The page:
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Debi and ors. Vs. the State - Court Judgment

LegalCrystal Citation
SubjectCriminal
CourtRajasthan High Court
Decided On
Case NumberCriminal Appeal Nos. 136 and 140 of 1951
Judge
Reported inAIR1953Raj49
ActsEvidence Act, 1872 - Sections 9 and 133; Code of Criminal Procedure (CrPC) , 1898 - Sections 337; Indian Penal Code (IPC), 1860 - Sections 391 and 395
AppellantDebi and ors.
RespondentThe State
Respondent Advocate Ram Avtar Gupta, Assistant Govt. Adv.
DispositionAppeals allowed
Excerpt:
- - there is, therefore, a good deal of doubt as to whether the bracelets which were recovered from the possession of gopi were those verybracelets which are mentioned in the first information report. moreover, these bracelets also are not of very great value, and it cannot be said that a villager like gopi could not be in honest possession of them. there has been another indiscretion committed by the police in this case, which throws a good deal of doubt about the proper identification of the articles. it is a well settled law that the evidence of an approver is to be read with caution and is not ordinarily to be relied upon unless corroborated in material particulars by independent evidence......were pointed out to the identifying witnesses outside the place where the parade was held. the learned sessions judge has found that the identification of the accused was not altogether proper, as they were put up at the identification parade about two months after their arrest. he has also pointed out that the accused were taken from place to place by the police between the date of their arrest and the date of their identification, and the possibility of their being seen by the identifying witnesses cannot be altogether ruled out. he also held that some of the property recovered from the possession of the accused was property of common use, which could be ordinarily possessed by people of the status of the accused. he, however, held that some of the property was such as cannot be.....
Judgment:

Sharma, J.

1. These are two appeals one by Debi and Gopi (No. 136 of 1951) and the other by Gyarsa accused (No, 140 of 1951), in a case under Section 395 of the Indian Penal Code. The charge against the accused was that conjointly with two others, that is, Hukma and Nanda, they committed a dacoity on the 24th of November 1949, in the evening at Taliyari Dungari near Jalaiya outpost. It was alleged that they gave beating to Heera, Ganpat, and Bhura Gujars, who were returning from Bundi after selling Ghee, and robbed them of their clothes, ornaments and cash. A report was lodged on that very day at Kotwali, Bundi, by Heera, one of the victims of the alleged dacoity. Investigation was taken in hand, and the five accused were arrested on different dates between the 21st Jan. 1950, and 25th Jan. 1950, Between 22nd of January 1950, and 21st Feb. 1950, certain property was recovered from the possession, or at the instance of different accused.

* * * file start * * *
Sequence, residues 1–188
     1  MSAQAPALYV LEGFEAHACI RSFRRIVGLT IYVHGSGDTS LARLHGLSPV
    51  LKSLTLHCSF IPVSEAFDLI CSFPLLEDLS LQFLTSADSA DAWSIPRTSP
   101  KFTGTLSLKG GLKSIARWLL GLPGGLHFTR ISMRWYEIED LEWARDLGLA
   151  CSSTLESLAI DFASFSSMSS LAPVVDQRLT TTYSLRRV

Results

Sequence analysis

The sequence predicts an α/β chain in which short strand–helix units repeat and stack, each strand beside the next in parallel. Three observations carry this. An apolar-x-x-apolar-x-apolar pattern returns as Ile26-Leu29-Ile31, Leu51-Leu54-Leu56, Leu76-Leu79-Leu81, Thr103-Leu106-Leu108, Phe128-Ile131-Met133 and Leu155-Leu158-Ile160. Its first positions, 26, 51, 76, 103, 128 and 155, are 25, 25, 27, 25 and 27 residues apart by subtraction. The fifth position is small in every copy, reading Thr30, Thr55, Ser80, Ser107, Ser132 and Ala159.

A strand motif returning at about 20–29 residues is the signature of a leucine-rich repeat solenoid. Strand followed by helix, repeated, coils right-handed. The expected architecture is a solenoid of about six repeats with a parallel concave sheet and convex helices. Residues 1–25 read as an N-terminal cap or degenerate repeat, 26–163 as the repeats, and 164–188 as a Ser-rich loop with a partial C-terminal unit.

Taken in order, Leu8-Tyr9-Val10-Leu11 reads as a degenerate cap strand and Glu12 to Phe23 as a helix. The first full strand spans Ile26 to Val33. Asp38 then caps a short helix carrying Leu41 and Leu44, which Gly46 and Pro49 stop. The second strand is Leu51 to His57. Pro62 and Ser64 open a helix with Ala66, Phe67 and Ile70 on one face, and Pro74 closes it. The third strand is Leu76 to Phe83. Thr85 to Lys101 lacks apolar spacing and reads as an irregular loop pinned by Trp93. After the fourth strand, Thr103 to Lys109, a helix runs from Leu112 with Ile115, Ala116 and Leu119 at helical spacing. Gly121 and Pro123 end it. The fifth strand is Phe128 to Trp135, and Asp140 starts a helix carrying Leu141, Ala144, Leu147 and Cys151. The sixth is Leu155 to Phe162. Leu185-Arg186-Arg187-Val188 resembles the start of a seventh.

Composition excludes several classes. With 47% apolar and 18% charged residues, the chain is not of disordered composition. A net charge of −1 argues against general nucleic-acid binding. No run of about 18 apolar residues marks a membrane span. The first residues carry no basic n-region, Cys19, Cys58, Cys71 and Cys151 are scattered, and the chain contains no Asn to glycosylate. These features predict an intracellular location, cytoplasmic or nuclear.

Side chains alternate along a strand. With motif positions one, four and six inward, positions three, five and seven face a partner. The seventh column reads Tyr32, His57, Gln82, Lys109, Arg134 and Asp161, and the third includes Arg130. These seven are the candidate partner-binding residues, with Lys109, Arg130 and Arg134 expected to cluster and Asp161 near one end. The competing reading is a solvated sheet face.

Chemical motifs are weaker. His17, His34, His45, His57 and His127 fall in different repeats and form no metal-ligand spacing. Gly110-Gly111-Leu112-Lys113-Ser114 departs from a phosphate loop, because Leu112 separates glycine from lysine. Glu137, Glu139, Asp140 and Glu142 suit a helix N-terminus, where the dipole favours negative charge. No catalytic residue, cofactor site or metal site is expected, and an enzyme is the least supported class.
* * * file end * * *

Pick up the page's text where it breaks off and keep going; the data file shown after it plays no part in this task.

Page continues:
On the 16th of March 1950, the five accused were put up at an identification parade before Mr. Allauddin Khilji, Magistrate. Heera, Bhura and Ganpat were identifying witnesses. Of them, Heera identified all the five accused, Bhura identified all excepting Hukma, and Ganpat identified only Gyarsa, Nanda and Hukma. The case was ultimately challaned, and thereafter committed to the court of Additional Sessions Judge, Bundi. All the accused denied the charge, but admitted that the properties alleged to have been recovered from their possession was so recovered. They, however, stated that the property belonged to them. They also admitted that some of the prosecution witnesses had identified them at the identification parade, but alleged that they were known to them since long before, and that even before the identification they were pointed out to the identifying witnesses outside the place where the parade was held. The learned Sessions Judge has found that the identification of the accused was not altogether proper, as they were put up at the identification parade about two months after their arrest. He has also pointed out that the accused were taken from place to place by the police between the date of their arrest and the date of their identification, and the possibility of their being seen by the identifying witnesses cannot be altogether ruled out. He also held that some of the property recovered from the possession of the accused was property of common use, which could be ordinarily possessed by people of the status of the accused. He, however, held that some of the property was such as cannot be said to have been possessed by the accused in a honest way. He found that the statement of the approver, Ramdev, made in the Sessions Court, did not help the prosecution, taut held that owing to his relationship with Gyarsa accused, the approver had made a false statement in the Sessions Court, and admitting the statement in the committing Magistrate's Court under Section 288 of the Codeof Criminal Procedure, relied upon it for conviction. He, however, acquitted Hukma and Nanda, but convicted Gyarsa, Debi and Gopi under Section 395 of the Penal Code and sentenced them to rigorous imprisonment of three years and a fine of Rs. 50/-each. In default of payment of fine, he awarded four months rigorous imprisonment.

2. All the three accused have appealed from Jail. As has been stated above, one of the appeals that is No. 136 of 1951, has been filed by Debi and Gopi, and No. 140 of 1951 has been filed by Gyarsa. As they arise out of the same case and out of the same judgment, they are disposed of by one judgment.

3. The accused are in Jail and were not represented. I have gone through the record and heard the learned Assistant Government Advocate. On a careful perusal of the judgment of the learned Sessions Judge, I find that there are a number of circumstances which make the case against the accused very doubtful.